The Link Between Depression and ADHD

Medically Reviewed by Zilpah Sheikh, MD on November 27, 2023
3 min read

Attention deficit hyperactivity disorder (ADHD) and depression can go hand-in-hand. Doctors sometimes call them comorbid or coexisting conditions, meaning you can have both at the same time.

ADHD is a brain disorder that makes it hard to focus. Children and adults who have it might have trouble finishing tasks, sitting still, or keeping track of things, appointments, or details.

Depression is more than just an occasional case of the blues. It’s deep sadness and despair you feel every day for at least 2 weeks at a time. It can make it hard to work, go to school, or sleep.

Up to 30% of children who have ADHD also have a serious mood disorder like depression. And some experts say that more than half of people who have the condition will get treatment for depression at some point in their lives.

People with ADHD are diagnosed with anxiety and depression more often than others.

Anxiety often appears earlier on. Depression tends to develop as children age.

Either condition could cause ADHD-like symptoms, like poor concentration and restlessness. If you're not sure which came first, tell your doctor what you've noticed in your child to help figure out what's going on.

Some symptoms of ADHD and depression are a lot alike, and that can make it tough to diagnose and treat those conditions. For example, trouble with focus is one of the signs of both depression and ADHD. And if you take medicines to help with your ADHD symptoms, they may affect your sleep or eating habits – both of which can be signs of depression, too. In children, hyperactivity and crankiness can be symptoms of depression as well as ADHD.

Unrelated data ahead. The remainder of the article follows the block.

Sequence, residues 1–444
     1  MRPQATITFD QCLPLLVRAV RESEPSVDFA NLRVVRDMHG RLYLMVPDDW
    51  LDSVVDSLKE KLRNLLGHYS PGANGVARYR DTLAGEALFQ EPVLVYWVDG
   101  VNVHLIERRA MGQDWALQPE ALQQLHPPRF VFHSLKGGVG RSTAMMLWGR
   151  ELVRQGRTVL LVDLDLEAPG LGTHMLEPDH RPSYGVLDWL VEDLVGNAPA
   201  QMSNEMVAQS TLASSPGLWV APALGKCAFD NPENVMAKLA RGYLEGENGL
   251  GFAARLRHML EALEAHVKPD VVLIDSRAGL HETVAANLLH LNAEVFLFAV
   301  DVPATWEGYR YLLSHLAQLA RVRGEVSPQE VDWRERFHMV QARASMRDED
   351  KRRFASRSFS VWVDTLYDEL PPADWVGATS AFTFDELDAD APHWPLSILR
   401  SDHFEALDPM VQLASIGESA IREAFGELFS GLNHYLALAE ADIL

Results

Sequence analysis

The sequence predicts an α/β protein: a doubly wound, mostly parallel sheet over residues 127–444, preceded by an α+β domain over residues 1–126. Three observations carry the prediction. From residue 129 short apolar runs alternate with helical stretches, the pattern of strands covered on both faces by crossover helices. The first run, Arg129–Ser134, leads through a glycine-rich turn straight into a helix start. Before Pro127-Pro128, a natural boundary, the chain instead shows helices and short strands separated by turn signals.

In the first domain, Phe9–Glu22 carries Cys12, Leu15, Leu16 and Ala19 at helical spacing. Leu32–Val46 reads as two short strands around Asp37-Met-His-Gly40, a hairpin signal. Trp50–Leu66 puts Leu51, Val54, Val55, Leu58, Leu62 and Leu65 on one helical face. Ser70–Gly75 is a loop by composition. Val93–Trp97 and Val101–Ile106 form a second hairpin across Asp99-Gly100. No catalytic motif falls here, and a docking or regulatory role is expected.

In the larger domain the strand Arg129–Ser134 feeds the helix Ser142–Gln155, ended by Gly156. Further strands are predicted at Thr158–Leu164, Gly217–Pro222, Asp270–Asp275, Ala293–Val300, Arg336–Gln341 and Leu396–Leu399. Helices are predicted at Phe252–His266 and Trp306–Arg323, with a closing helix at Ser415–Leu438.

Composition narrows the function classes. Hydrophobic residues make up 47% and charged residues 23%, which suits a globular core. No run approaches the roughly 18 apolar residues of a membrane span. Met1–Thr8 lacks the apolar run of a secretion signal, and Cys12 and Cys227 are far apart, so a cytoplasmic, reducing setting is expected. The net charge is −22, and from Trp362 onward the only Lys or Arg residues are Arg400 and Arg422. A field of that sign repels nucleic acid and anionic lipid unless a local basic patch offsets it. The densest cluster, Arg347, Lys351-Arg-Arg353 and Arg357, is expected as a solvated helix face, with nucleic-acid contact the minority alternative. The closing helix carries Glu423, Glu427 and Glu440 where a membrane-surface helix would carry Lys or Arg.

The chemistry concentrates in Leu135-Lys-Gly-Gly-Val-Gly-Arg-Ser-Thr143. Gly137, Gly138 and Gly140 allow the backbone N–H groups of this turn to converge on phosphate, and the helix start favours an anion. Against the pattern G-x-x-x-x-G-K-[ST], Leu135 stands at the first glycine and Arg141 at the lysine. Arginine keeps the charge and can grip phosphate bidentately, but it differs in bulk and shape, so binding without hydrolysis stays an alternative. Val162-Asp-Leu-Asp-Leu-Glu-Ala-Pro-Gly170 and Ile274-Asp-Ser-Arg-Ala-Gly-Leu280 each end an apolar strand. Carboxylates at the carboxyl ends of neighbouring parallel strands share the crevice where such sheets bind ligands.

Also, ADHD can lead to depression when people have a hard time with their symptoms. Children may have trouble getting along in school or with playmates, or adults may have issues at work. That can lead to deep feelings of hopelessness and other signs of depression.

Doctors don’t know what causes either condition, but they both seem to be linked to your family history. People with depression or ADHD often have a parent or other family member who has it as well.

Treatment for both conditions usually involves a combination of medication and meetings with a therapist.

How you start may depend on what condition is causing you more trouble. For example, if ADHD is causing stress, treating that first may take away one of the causes of depression.

  • ADHD is often treated with stimulants that boost brain chemicals linked to focus and thinking. They can help with symptoms while you're at school or work, but they can also make you less hungry or cause headaches or sleep problems.
  • Some ADHD drugs don’t involve stimulants and don’t have the same side effects. But they may not work as quickly. Your doctor might give you a combination of stimulant and non-stimulant drugs.
  • Your doctor may prescribe antidepressants to treat depression. These can take several weeks to work and may have side effects, including thoughts of suicide. Children or teenagers in particular should be watched closely while taking them.
  • Antidepressants may also help with symptoms of ADHD, either in place of stimulants or as part of a combination of drugs to treat both conditions. Antidepressants won’t help with ADHD directly, but they can help with crankiness or moodiness.

Psychotherapy can offer ways to manage your symptoms and live a healthy life. A therapist can give you strategies to deal with everyday challenges, such as issues with friends, family, work, or school.